Refining chief: We don’t oppose US oil exports

HOUSTON — Phillips 66 Chairman and CEO Greg Garland said the company doesn’t oppose exporting U.S. oil, putting the company at odds with other independent refiners who have lobbied aggressively against lifting the nation’s crude exports ban.

Garland’s comments come as federal lawmakers debate the 39-year-old ban, amid a surge in U.S. oil production. The ban generally benefits refiners like Phillips 66, helping ensure U.S. oil runs through their refineries before it is shipped abroad.

Refiners also benefit from the comparatively low cost of U.S. crude, compared to the global oil price. Inland refiners, located where the price difference is greatest, have been particularly vocal in their opposition to calls to lift the ban. Integrated oil companies with downstream refining operations — and newly spun off refiners like Phillips 66 — have been far less visible on the issue.  

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In the past, Garland has expressed outright support for lifting the ban, garnering him attention for reportedly being the first major refining head to take that position.

“When you think about what is good for U.S. economy, what drives job growth… all of these are reasons why we support crude oil exports,” Garland told reporters at a lunch in New York, Reuters reported in 2012.

But on Wednesday, Garland took a slightly softer position. “We’ve never said we’re for — we’ve said we don’t oppose,” Garland said.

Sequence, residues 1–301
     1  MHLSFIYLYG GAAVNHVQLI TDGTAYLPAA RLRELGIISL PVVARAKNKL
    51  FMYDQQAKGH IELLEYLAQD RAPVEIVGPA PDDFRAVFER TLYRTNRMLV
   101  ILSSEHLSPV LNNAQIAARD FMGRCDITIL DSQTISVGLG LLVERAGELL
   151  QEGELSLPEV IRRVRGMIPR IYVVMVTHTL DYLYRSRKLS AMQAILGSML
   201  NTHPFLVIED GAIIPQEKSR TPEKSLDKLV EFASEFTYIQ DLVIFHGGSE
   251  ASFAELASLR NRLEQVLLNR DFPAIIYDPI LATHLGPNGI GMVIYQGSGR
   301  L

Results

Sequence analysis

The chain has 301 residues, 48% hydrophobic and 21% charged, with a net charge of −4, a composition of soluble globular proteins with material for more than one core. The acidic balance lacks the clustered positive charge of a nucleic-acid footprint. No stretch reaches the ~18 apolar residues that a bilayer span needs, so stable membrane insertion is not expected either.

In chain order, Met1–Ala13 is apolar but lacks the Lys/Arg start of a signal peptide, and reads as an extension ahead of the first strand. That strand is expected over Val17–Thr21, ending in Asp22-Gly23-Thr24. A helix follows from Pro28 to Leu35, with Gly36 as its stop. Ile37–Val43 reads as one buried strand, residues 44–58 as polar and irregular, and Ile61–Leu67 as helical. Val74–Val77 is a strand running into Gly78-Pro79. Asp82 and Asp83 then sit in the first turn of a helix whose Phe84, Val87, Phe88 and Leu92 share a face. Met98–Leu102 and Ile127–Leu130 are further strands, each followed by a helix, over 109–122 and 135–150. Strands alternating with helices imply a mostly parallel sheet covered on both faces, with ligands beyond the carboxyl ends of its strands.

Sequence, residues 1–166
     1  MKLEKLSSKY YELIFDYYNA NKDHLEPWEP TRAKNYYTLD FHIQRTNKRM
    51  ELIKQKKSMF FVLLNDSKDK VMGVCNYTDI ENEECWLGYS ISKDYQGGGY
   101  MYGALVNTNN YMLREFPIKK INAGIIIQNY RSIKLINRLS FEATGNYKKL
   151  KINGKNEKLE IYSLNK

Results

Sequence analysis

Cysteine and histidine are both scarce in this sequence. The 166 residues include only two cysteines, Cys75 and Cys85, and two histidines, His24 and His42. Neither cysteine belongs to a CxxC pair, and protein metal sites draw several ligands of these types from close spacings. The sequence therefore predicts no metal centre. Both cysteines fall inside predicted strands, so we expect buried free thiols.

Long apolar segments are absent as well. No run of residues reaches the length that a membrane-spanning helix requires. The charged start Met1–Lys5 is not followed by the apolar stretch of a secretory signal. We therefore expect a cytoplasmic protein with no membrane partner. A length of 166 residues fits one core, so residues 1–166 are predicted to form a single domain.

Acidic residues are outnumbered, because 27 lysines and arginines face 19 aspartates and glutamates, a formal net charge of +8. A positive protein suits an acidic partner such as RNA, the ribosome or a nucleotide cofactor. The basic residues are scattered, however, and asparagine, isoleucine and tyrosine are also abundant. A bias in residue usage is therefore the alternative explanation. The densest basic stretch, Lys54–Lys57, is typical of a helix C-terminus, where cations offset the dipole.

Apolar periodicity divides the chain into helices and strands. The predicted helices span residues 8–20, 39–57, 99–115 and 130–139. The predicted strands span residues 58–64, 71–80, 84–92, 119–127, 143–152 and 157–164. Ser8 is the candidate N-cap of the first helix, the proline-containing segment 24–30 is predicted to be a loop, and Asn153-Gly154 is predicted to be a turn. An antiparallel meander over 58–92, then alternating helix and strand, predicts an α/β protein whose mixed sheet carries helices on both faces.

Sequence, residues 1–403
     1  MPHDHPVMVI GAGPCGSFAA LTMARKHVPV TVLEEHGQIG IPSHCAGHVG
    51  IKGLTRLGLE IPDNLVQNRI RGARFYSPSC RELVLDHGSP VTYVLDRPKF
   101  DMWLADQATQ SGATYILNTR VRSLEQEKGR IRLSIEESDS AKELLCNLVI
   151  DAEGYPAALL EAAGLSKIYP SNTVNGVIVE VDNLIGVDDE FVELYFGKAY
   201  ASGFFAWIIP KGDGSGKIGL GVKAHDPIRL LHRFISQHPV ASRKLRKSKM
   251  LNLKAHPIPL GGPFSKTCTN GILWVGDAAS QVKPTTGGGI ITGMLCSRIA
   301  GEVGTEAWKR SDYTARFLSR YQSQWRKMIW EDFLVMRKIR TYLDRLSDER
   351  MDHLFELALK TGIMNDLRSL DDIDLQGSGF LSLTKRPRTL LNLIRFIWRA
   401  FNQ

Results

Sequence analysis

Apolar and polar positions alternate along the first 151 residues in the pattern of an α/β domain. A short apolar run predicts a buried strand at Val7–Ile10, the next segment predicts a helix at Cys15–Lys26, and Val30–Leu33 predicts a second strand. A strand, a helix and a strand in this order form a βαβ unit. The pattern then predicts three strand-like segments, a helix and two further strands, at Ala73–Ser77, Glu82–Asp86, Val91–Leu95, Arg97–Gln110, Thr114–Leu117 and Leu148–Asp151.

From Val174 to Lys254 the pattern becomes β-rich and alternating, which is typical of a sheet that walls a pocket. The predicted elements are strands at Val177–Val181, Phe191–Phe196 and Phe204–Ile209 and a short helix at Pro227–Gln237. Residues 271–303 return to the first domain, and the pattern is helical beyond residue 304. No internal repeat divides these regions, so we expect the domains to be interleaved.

“In our view, it’s time to have an honest, open dialogue about energy policy in the U.S., and we need to be holistic in that,” Garland continued.

Many oil producers want the ban lifted, since they’d likely get higher prices for U.S. crude sold on the international market. U.S. refiners, on the other hand, are able to take advantage of the price spreads since they currently sell on a global market.

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Garland’s comments come as his company begins plans to expand its own exports of liquified petroleum gas — propane and butane — as it builds massive infrastructure along the Gulf Coast to prepare for that undertaking.  It’s already signed agreements to sell LPG to Chinese energy company Sinopec.

“We think free trade works best,” Garland added. “What we would say is we think you’ve got to have open access.”

Still, Garland said he isn’t very confident U.S. policy on crude exports will change any time soon. “In an election year, I think it’s going to be difficult for Congress to move on this issue simply because they have too many other things on their plate,” Garland said. “Politically, it’s a very difficult thing right now.”

Reporter Jennifer Dlouhy contributed to this report.

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